Image: Getty

Equifax announced on Thursday that hackers had gained access to the personal information of 143 million people, mostly US citizens. According to the credit-reporting agency, the data included social security numbers, birth dates, and addresses. It is likely one of the largest hacks in history.

After announcing the hack, Equifax launched a suspicious-looking site to help people check to see if their personal data was included in the breach. Unfortunately, the page is confusing, looks scammy, and barely delivers on its claim to “see if your personal information is potentially impacted.”

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In order to check, the page asks for your last name and last six digits of social security number. Some security experts criticized the site for requesting social security numbers in order to check if the company had leaked your social security number.

Image: Equifax

If you enter the requested information, it either tells you that the agency believes your information has not been impacted, and asks you to enroll in their “Trusted ID Premier” or it tells you to come back in a week or so for your “enrollment date” so you can complete the process of enrolling in TrustedID Premier, seemingly indicating that your data has been compromised in some way. However, the site doesn’t indicate what specific data might have been compromised for individual users or even explicitly state that a user’s data was involved in the hack.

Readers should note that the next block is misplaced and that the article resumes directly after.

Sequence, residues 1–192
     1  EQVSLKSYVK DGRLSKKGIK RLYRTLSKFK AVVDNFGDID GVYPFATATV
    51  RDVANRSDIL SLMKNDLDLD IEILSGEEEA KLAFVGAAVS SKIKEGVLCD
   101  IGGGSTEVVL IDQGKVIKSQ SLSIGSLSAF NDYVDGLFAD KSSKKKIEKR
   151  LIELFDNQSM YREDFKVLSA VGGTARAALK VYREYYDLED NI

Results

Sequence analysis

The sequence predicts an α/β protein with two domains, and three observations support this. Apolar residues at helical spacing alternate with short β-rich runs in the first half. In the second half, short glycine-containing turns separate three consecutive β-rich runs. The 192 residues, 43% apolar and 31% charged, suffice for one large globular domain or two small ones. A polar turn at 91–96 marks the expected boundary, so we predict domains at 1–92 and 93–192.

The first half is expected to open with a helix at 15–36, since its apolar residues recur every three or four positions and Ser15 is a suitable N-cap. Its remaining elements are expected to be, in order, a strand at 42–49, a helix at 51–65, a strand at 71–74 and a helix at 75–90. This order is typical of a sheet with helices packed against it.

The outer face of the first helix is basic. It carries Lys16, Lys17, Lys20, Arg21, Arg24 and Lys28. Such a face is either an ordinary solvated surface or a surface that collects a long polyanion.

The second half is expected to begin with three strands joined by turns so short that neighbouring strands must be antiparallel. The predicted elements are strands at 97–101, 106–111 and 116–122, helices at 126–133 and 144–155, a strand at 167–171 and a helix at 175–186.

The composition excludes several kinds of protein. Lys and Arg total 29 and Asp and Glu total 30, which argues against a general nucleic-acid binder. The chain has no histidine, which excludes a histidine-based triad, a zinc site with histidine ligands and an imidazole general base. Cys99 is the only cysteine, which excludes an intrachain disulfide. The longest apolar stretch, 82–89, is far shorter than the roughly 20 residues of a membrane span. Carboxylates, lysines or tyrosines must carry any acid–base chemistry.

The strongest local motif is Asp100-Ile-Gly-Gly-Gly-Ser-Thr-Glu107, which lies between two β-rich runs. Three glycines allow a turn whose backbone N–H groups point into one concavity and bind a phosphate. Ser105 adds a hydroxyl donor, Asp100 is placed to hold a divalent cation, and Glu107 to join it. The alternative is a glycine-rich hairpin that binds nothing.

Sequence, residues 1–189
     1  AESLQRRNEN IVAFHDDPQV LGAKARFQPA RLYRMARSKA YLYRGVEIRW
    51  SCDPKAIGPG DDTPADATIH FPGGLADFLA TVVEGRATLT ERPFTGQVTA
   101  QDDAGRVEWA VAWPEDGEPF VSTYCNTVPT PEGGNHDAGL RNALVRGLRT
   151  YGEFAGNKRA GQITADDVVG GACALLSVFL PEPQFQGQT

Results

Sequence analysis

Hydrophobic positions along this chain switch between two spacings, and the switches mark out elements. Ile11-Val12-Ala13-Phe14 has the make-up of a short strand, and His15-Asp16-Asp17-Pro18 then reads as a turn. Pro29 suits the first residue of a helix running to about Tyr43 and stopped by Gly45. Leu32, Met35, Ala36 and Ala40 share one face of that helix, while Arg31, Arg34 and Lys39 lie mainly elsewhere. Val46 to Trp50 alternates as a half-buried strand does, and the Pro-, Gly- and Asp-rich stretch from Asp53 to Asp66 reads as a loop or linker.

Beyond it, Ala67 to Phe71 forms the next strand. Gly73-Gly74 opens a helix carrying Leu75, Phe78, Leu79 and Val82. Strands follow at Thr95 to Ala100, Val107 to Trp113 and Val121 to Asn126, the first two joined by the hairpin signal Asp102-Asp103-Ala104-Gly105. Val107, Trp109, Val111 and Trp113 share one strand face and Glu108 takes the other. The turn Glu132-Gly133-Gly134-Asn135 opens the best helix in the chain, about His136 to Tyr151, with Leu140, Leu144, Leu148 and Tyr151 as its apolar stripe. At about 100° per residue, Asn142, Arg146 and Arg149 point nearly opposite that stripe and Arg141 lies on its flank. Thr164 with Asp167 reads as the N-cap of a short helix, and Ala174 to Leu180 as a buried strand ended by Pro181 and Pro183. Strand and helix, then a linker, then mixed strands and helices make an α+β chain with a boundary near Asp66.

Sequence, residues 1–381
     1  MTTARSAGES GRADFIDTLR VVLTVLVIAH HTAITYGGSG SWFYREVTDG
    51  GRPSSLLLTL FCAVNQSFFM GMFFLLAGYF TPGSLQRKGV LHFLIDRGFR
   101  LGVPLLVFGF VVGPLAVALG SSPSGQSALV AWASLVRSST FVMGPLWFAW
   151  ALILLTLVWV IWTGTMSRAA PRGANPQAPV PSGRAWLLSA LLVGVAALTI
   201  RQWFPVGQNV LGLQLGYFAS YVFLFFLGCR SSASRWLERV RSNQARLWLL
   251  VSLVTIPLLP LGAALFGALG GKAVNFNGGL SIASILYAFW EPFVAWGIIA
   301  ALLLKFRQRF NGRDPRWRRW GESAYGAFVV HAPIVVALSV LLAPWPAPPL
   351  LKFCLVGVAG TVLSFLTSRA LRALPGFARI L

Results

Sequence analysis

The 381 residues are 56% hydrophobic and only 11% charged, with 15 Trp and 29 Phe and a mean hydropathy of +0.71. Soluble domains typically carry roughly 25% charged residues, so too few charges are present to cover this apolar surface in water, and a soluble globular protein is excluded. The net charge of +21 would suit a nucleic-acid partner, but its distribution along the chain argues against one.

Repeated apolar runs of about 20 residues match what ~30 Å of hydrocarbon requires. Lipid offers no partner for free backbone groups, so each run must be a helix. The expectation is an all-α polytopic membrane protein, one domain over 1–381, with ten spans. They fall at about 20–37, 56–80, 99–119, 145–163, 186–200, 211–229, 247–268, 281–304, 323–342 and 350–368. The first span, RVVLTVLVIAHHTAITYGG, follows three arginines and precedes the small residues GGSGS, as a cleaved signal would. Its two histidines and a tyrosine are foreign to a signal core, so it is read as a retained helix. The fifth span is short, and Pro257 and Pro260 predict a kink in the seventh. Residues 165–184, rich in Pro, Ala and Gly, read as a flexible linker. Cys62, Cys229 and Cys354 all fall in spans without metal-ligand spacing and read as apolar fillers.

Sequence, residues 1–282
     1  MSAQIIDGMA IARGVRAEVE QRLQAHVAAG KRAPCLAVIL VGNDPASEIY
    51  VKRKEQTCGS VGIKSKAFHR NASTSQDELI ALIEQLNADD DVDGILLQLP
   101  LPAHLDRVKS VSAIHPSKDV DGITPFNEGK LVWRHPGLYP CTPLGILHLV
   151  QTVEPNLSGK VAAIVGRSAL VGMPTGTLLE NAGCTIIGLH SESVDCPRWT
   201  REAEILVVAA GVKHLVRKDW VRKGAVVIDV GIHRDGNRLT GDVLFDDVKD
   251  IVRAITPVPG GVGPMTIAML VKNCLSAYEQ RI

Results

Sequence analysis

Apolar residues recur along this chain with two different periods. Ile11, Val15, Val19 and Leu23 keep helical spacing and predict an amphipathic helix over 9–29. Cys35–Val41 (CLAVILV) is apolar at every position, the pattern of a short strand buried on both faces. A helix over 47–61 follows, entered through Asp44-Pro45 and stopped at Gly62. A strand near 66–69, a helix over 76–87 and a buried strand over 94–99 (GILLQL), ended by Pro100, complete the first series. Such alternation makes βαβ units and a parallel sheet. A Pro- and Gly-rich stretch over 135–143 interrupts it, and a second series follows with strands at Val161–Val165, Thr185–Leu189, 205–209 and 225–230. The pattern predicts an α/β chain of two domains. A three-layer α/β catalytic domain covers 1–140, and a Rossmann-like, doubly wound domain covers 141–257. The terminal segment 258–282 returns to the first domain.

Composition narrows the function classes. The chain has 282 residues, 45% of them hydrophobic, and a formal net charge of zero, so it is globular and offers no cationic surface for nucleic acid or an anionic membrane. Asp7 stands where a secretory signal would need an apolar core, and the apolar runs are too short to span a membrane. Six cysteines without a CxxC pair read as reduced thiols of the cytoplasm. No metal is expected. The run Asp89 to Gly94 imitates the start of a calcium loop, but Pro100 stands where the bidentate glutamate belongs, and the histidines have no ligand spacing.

TrustedID Premier is a credit-monitoring program, which Equifax is giving away free for a year. As TechCrunch pointed out, agreeing to the TrustedID Premier terms of service seem to waive users’ rights to sue Equifax.

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And while an identity theft protection service will help you learn what happens to your stolen data, it doesn’t really clear up immediately whether or not you were pwned in this hack.

Update: The site now tells people their information may have been impacted instead of simply stating their enrollment date for TrustedID Premier. But ZDNet security editor Zack Whittaker has discovered that if you enter completely bogus information the site will still show you that you may have been affected.

[Equifax, Tech Crunch]